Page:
Two things will likely happen if the Democrats regain control of Congress Tuesday: Federal social welfare spending will go up and the core of the Republican tax cuts will be repealed.
We know this will happen because Democratic leaders have said so numerous times, in their campaign statements and in their election agenda.
Since President Bush's tax cuts were enacted in 2001, the Democrats' have been calling for their repeal, repeatedly ridiculing them as "tax cuts for the rich" when the bulk of the provisions are aimed at those in the middle class and below. "I can't see Democrats opposing the rates that are being paid at the bottom two-thirds of the tax code," said Democrat Robert Reischauer, head of the liberal Urban Institute think tank.
But Congressman Charlie Rangel of Harlem, who would become the Democratic chairman of the powerful tax-writing House Ways and Means Committee, told Bloomberg News not too long ago that he could not think of a single tax cut he would want to extend before they are due to expire by law in 2010.
An analysis by the nonpartisan Tax Foundation shows us just what is at stake for middle-income families if the tax cuts were repealed: A family of four (with two children under the age of 17), taking the standard deduction on an income of $50,000 a year pays a federal income tax bill of $1,365.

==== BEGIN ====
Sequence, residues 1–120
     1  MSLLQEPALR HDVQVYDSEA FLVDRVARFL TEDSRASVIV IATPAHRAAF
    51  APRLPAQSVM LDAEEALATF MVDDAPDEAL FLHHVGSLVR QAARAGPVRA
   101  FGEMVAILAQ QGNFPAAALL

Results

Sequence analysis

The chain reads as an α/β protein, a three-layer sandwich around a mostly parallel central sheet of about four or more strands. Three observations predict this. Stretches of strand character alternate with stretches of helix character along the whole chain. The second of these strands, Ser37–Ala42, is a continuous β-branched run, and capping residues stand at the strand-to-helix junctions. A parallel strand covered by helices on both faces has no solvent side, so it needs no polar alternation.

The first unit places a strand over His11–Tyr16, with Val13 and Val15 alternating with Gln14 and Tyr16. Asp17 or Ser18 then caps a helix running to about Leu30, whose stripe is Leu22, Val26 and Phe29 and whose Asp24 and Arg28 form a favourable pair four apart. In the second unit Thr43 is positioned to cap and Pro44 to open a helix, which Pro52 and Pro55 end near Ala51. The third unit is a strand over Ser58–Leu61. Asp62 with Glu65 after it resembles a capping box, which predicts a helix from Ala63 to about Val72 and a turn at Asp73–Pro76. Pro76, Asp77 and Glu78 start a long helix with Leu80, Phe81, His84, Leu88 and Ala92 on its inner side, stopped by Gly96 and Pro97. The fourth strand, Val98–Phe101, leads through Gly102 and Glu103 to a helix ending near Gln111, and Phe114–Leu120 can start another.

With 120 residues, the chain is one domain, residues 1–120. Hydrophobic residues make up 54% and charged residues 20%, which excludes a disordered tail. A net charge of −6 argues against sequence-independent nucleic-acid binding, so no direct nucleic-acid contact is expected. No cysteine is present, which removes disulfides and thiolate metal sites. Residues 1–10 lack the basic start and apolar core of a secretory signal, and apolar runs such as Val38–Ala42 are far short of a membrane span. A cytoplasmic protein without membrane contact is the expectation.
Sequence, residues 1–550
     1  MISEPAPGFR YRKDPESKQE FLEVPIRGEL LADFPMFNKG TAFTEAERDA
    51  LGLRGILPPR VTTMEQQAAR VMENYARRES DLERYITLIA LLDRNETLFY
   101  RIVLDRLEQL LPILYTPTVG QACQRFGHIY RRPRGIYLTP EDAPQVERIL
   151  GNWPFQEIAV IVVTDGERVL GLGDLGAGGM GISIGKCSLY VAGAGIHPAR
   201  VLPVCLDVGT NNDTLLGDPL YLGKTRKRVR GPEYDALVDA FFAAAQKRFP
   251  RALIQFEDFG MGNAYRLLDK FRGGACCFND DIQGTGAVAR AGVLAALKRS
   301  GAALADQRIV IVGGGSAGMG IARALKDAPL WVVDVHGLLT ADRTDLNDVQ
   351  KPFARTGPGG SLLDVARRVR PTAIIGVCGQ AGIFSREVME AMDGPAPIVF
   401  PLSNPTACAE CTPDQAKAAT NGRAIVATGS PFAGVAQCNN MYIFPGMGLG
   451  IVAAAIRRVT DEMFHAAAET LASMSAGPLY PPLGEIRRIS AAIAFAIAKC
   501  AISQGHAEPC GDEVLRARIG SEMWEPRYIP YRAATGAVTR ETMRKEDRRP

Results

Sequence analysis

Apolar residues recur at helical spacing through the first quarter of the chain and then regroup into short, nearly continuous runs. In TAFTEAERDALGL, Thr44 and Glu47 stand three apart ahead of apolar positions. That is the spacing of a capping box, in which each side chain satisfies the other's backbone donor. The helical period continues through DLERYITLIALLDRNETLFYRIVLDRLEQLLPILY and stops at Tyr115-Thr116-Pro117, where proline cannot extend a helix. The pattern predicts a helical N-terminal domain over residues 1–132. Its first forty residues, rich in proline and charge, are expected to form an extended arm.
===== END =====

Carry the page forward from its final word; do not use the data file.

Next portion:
If the Bush tax cuts were never enacted, or if they were repealed, their tax bill would be $3,320. Not only does this family benefit from the lower income tax rates in Bush's cuts but also from the doubling of the child tax credit to $1,000. A family of four earning $75,000 a year presently has an income tax bill of $5,115. That bill would shoot up to $7,538 if Democrats had their way and the Bush tax cuts were never enacted.
A worried Charlie Rangel late last month, as Republican congressional candidates pounded their opponents on the tax cut issue, put out a hasty statement denying that he had any intention of raising taxes on the middle class. "Democrats have a long history of supporting targeted relief for middle-income families," he said.
Rangel said he would only "close tax shelters and eliminate benefits for companies that move jobs overseas." As for the across-the-board tax rate cuts Bush enacted, he simply dodged the question about what he would do, saying, my gosh, 2010 was "light years away from the debate before us." He hoped he would be able to provide middle-class relief, however, he told reporters.
His evasiveness, following Democratic leader Nancy Pelosi's repeated claims that Democrats would raise taxes on upper income Americans, drew suspicion from Republican tax-cutters.
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